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Microsoft announces features and performance improvements for many Azure services

Mary Branscombe | Dec. 15, 2014
Microsoft announced updates to many Azure services this week, previewing new services and moving others from preview to general availability as full working versions.

Microsoft announced updates to many Azure services this week, previewing new services and moving others from preview to general availability as full working versions.

For those running virtual machines (VM) in the Azure cloud, there are now two ways of using SSDs to improve performance. In addition to the D series virtual machines that use SSD for a temporary disk that caches only data the VM is currently using, to speed up things like NoSQL database workloads or SQL Server caching, Microsoft is previewing Premium Storage using SSDs on its new DS series VMs.

With Premium Storage, users permanently attach one or more SSDs to their VM to get up to 32TB of fast, low-latency storage for running workloads like SQL Server, Oracle Database, MySQL, SAP Business Suite, Dynamics and other applications that need such high I/O speeds that they couldn't normally be run in the cloud.

Individual Premium Storage disks deliver up to 5,000 IOPS and 200MBps throughput with less than 1 millisecond of latency, which can be aggregated to over 50,000 IOPS by combining multiple SSDs. Azure automatically keeps three replicas of Premium Storage data in the same region and users can also snapshot the data into Azure Standard Storage for geo-replication.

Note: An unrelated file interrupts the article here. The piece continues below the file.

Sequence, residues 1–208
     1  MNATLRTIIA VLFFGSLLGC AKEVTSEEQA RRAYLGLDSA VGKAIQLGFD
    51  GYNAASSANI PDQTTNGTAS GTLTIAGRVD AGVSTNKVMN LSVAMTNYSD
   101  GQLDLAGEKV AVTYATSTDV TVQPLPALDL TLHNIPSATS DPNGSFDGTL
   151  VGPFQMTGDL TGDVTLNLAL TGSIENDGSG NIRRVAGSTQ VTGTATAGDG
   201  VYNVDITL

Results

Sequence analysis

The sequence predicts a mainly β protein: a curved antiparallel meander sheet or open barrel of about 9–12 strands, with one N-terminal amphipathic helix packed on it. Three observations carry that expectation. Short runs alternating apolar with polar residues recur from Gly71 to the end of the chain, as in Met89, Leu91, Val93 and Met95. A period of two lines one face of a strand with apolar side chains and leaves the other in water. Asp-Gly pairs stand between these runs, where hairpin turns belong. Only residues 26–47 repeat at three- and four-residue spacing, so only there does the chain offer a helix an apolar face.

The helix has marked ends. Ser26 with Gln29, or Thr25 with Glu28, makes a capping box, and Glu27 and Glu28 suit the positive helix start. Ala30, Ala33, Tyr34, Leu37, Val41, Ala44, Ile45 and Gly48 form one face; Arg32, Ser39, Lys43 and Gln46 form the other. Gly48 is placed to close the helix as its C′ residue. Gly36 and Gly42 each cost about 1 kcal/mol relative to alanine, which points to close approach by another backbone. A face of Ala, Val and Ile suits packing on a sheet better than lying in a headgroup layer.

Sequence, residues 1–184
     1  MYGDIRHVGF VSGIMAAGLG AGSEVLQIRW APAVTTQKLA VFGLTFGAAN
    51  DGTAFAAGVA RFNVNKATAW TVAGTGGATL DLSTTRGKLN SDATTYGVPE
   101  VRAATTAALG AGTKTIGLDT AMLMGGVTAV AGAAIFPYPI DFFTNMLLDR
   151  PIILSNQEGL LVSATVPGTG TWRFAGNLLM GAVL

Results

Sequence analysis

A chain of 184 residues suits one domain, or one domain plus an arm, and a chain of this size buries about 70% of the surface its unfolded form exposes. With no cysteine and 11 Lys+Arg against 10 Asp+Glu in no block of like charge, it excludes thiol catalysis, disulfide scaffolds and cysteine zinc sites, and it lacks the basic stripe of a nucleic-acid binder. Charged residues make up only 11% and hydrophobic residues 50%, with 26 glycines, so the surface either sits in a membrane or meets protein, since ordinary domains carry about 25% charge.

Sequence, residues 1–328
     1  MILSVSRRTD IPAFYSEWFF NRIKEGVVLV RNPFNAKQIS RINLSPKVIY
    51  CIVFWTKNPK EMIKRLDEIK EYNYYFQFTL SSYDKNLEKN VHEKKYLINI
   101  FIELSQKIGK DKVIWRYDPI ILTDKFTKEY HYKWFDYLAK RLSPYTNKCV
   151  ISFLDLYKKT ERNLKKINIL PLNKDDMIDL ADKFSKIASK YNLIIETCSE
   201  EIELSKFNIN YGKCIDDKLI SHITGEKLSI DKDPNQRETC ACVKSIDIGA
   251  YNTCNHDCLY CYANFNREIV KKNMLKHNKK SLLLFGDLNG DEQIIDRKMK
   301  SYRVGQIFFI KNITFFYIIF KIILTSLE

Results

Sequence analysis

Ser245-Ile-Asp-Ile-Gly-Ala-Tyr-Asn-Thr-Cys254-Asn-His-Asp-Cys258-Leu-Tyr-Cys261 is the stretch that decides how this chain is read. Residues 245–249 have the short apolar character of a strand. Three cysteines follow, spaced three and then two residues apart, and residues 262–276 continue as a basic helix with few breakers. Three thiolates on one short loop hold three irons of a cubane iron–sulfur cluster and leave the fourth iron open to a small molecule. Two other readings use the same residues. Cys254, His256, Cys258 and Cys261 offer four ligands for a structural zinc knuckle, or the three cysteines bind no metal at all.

For users who prefer to use the Azure SQL Database service instead of running SQL Server on Azure themselves, many of the SQL Server 14 features are now available in preview, including the in-memory column store that puts each column on its own set of disk pages. So, loading information from just a few columns won't mean loading the whole table. This is designed for analytics and data warehouses, and offers the same level of 100x performance improvements SQL Server 2014 customers have seen on their own servers.

SQL Azure Database also now has more options for building database applications using T-SQL Windows functions, the .NET common-language runtime and change tracking, plus more tools for workload management, including parallel queries, table partitioning, online indexing and rebuilding indexes larger than 2GB, with more monitoring and troubleshooting views. With these features, migrating existing SQL Server applications to SQL Azure Database is much more feasible.

Microsoft has also announced several other features designed to make it easier to move in-house systems to the cloud. The Azure RemoteApp service, for running Windows desktop applications that can be accessed from Windows, Mac, iOS and Android devices, is now generally available, costing from $10 per user per month for the Basic service that runs single apps or $15 for the Standard service that can run Office.

Connecting to the cloud
Two key Azure Active Directory features for connecting business infrastructure to the cloud are now available. Azure AD Proxy enables remote access to Web applications (including Outlook Web Access and SharePoint) running on servers via Azure, with single sign on, just like the cloud services that can already be managed for single sign on through Azure AD, and with support for multifactor authentication, including smartphones.


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